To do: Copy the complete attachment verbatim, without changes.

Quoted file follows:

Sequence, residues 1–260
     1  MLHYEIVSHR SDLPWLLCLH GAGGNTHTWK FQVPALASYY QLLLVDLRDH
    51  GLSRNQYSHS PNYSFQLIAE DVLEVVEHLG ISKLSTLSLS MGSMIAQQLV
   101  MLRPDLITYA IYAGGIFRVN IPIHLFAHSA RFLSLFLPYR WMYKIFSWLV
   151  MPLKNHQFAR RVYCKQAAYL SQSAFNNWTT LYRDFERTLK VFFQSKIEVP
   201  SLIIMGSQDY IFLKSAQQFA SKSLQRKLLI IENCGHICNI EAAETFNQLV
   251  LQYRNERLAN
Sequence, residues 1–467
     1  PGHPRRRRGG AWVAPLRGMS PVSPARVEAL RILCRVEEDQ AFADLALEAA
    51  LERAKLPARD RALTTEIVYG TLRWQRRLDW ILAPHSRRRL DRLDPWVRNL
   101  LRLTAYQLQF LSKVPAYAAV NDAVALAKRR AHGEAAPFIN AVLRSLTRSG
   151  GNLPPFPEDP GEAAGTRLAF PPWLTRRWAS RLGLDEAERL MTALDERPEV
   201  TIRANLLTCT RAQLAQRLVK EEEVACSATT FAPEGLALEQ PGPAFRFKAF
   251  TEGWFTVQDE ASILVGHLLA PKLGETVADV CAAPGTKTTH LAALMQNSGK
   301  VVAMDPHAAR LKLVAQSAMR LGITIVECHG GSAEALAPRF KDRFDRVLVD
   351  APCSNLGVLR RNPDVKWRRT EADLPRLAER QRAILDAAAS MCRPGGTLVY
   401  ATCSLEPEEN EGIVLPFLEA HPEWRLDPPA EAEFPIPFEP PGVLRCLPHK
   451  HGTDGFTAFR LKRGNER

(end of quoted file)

Sequence, residues 1–260
     1  MLHYEIVSHR SDLPWLLCLH GAGGNTHTWK FQVPALASYY QLLLVDLRDH
    51  GLSRNQYSHS PNYSFQLIAE DVLEVVEHLG ISKLSTLSLS MGSMIAQQLV
   101  MLRPDLITYA IYAGGIFRVN IPIHLFAHSA RFLSLFLPYR WMYKIFSWLV
   151  MPLKNHQFAR RVYCKQAAYL SQSAFNNWTT LYRDFERTLK VFFQSKIEVP
   201  SLIIMGSQDY IFLKSAQQFA SKSLQRKLLI IENCGHICNI EAAETFNQLV
   251  LQYRNERLAN
Sequence, residues 1–467
     1  PGHPRRRRGG AWVAPLRGMS PVSPARVEAL RILCRVEEDQ AFADLALEAA
    51  LERAKLPARD RALTTEIVYG TLRWQRRLDW ILAPHSRRRL DRLDPWVRNL
   101  LRLTAYQLQF LSKVPAYAAV NDAVALAKRR AHGEAAPFIN AVLRSLTRSG
   151  GNLPPFPEDP GEAAGTRLAF PPWLTRRWAS RLGLDEAERL MTALDERPEV
   201  TIRANLLTCT RAQLAQRLVK EEEVACSATT FAPEGLALEQ PGPAFRFKAF
   251  TEGWFTVQDE ASILVGHLLA PKLGETVADV CAAPGTKTTH LAALMQNSGK
   301  VVAMDPHAAR LKLVAQSAMR LGITIVECHG GSAEALAPRF KDRFDRVLVD
   351  APCSNLGVLR RNPDVKWRRT EADLPRLAER QRAILDAAAS MCRPGGTLVY
   401  ATCSLEPEEN EGIVLPFLEA HPEWRLDPPA EAEFPIPFEP PGVLRCLPHK
   451  HGTDGFTAFR LKRGNER